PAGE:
stdlibCore now always lowers ownership /after/ running the diagnostic passes

Hello everyone!

Early this morning, I flipped the switch causing stdlibCore to always lower ownership /after/ running the diagnostic passes. This is a large milestone for ownership in general since this is the first time we have exposed some passes downstream of the Mandatory Inlining to ownership in the build itself (vs tests). It will ensure that changes in tree do not break basic functionality when we are in this mode (something that I have run into).

A few big notes:

  1. This is just a temporary staging measure as I push ownership lowering further back into the pipeline and maintain correctness. The next step is to expand it first to the overlays and then to the "world".
  2. The select group of passes in between Mandatory Inlining and the beginning of the diagnostic pipeline must handle both ossa and non-ossa code.

For those just listening in, I put a description of what is happening below:


For anyone who is unaware, the larger piece of work here is moving ossa back through the pass pipeline to be after serialization. There are a number of interlocking challenges here that are incrementally being worked around:

  • We cannot inline functions that have already had ownership lowered into functions with ownership** (NOTE: We can go the other way).
  • Since the diagnostic passes never lower ownership when we are compiling with this flag enabled, we need to ensure that any transparent functions we need to mandatory inline have not had ownership lowered. This means that whenever we must always serialize transparent functions without ownership lowered.
  • At -O, we have not updated all of the optimizer passes for ownership meaning that they may not be safe or be ineffective to run on ossa. This is an issue since many of these passes run before we serialize at -O, implying that we must lower ownership before those passes and thus before serialization.

So we get the implication that at -O if we want to optimize functions before serialization, we must lower ownership, yet we cannot lower ownership for transparent functions until after serialization. A contradiction!

To work around this, we take advantage of the nature of transparent functions: they are always inlined except if they are used via indirection (e.x.: calling via a class_method instruction via a witness table from a different module). So even if we disable the front 1/2 of the pass pipeline, in 99% of the use sites we will just inline into callers and then optimize there. Even in the cases where we have a witness table, we re-run a large part of the pipeline after we serialize so we shouldn't hit perf.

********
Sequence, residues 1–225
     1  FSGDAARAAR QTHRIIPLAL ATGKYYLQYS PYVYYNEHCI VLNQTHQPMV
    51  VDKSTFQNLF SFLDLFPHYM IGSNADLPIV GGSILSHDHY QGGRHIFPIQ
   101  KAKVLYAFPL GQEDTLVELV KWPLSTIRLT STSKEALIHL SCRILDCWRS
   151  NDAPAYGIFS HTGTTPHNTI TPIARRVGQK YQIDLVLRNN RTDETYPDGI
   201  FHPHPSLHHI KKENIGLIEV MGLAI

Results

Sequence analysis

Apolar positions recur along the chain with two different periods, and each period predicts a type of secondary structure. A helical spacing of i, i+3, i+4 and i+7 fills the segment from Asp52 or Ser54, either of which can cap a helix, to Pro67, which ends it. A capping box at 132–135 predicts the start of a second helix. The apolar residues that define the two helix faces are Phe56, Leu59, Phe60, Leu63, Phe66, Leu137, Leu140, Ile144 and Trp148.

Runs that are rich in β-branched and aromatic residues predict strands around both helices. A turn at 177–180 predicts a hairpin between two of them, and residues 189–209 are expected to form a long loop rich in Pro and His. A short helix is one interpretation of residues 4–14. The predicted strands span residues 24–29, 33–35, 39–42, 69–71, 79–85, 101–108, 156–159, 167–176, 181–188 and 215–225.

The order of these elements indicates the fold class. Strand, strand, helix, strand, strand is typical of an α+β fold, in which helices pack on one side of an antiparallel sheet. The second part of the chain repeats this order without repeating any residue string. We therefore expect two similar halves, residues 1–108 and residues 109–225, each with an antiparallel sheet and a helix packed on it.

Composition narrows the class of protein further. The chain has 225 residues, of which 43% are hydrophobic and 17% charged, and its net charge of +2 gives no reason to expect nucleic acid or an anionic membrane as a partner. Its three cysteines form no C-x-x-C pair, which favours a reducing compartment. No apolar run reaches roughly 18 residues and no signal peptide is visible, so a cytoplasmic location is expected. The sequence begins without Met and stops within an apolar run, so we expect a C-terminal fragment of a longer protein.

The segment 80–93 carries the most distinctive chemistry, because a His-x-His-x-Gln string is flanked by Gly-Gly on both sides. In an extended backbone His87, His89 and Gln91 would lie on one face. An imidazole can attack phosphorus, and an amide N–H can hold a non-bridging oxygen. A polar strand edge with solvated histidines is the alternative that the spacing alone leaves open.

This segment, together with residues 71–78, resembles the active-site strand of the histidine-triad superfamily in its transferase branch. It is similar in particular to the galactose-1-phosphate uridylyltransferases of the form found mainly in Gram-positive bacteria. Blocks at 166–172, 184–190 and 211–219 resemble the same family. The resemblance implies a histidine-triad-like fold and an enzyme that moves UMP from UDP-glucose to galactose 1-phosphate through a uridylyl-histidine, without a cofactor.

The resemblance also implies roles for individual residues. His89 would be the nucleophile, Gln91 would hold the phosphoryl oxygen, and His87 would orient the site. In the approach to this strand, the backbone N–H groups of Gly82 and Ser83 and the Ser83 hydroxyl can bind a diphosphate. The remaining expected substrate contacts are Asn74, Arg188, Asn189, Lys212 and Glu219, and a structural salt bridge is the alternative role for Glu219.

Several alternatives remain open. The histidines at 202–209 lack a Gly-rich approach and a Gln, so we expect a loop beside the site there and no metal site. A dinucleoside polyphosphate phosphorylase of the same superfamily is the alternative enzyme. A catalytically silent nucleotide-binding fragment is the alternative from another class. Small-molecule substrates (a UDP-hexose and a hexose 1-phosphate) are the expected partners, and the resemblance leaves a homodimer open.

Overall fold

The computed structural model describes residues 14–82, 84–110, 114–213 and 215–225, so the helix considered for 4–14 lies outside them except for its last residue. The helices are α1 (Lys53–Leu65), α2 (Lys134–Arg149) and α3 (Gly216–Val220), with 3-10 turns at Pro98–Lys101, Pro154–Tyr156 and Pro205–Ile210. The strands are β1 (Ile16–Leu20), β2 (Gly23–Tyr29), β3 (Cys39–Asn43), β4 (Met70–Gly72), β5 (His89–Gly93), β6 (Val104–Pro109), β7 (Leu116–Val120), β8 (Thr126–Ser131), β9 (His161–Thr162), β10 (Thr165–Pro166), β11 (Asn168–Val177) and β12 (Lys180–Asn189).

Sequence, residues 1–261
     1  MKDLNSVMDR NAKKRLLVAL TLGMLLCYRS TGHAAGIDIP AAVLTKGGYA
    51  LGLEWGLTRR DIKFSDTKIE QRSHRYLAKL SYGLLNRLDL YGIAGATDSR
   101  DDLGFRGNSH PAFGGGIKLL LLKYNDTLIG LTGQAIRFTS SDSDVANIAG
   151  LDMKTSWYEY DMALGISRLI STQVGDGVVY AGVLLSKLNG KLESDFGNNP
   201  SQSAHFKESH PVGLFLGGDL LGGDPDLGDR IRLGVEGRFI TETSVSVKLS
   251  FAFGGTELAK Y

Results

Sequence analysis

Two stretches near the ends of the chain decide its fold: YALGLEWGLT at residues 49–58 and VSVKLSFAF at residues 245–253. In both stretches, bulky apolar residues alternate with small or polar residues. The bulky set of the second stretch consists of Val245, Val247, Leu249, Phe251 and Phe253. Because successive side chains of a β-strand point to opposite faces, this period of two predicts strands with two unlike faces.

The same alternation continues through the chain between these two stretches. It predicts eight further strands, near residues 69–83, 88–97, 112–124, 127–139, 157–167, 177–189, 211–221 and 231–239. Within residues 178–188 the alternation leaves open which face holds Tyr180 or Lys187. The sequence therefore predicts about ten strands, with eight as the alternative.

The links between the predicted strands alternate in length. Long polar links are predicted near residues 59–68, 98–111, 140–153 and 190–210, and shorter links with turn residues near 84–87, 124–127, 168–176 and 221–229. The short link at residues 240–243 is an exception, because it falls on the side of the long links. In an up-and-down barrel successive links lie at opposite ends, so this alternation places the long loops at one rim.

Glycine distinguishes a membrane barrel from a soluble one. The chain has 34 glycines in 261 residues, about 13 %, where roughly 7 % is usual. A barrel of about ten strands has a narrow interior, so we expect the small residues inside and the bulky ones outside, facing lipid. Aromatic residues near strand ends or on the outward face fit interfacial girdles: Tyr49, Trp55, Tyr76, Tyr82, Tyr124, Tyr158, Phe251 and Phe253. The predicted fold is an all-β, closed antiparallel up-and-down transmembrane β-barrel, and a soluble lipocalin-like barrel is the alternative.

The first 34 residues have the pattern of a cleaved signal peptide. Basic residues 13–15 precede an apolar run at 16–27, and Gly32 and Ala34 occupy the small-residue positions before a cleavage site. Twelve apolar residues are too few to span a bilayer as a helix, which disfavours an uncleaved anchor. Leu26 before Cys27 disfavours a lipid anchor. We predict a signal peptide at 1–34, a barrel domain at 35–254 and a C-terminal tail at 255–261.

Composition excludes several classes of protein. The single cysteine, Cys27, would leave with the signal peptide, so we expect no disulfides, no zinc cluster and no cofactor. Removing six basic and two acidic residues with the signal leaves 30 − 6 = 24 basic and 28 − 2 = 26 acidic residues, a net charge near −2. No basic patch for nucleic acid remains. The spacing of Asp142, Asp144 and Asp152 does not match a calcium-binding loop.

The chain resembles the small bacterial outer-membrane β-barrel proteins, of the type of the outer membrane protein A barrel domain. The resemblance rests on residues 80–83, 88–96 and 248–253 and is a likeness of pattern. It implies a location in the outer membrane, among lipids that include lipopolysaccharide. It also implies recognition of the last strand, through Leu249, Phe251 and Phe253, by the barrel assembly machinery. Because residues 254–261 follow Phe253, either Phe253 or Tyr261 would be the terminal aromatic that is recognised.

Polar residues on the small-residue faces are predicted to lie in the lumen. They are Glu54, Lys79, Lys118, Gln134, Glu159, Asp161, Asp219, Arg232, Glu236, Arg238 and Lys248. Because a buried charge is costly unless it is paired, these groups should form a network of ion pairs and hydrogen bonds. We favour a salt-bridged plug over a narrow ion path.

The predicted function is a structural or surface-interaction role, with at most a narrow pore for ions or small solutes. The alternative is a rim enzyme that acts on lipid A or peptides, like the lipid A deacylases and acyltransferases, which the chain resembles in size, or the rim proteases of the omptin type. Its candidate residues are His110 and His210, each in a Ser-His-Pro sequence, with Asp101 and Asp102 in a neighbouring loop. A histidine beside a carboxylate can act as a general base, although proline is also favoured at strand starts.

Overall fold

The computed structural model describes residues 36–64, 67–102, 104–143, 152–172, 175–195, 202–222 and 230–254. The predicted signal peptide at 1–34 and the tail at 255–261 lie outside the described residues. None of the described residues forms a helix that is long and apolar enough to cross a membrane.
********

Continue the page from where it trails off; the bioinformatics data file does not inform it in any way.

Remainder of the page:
Thus, the way that I am threading the needle here is that:

  1. If the option is enabled, then when we compile -O, we run:
-O:
1. Diagnostic Passes.
2. Lower ownership on everything except for transparent functions.
3. Run optimization passes up to serialization, skipping any functions that still have ownership (which will be only transparent functions).
4. Serialize.
5. Lower ownership from everything and lower ownership from any code that is further deserialized.
6. Rest of performance passes.

The key thing to notice is that since we haven't lowered/optimized the transparent functions, any code that links in transparent functions for Mandatory Inlining.

  1. If the option is enabled, then for -Onone we do the obvious thing:
-Onone:
1. Diagnostic Passes.
2. Serialize.
3. Lower ownership.
4. Run use specialized and small late passes.
  1. If this option is disabled, we lower ownership before we deserialize anything (in the guaranteed passes) and will lower ownership on any functions from other functions that we link in as we deserialize. So the "world" according to the compiler when the option is disabled is unchanged.

NOTE: In the previous I assumed that the option was staged in by enabling it first on stdlibCore, then overlays/tests, and finally on everything. This ensures that no libraries at each point that are compiled with the new mode are downstream of any code compiling in the early ownership lowering mode.

13 Likes

Exciting! I wonder if these changes (moving ossa later in the compiler pipeline) have user-facing impact?

It will in that I will be able to move the new ARC optimizer further back and add some inlining/load promotion before it magnifying its overall effect on performance.

It also will enable us to fix correctness issues in the current pass pipeline as we go (since we will have to express the optimizations in a safe manner, redesigning slightly potentially since some of the unsafe things we do not can not even be expressed in ossa.

5 Likes

Very awesome! Loving seeing these improvements moving forward, looking forward to seeing what this unlocks for the ARC optimiser.

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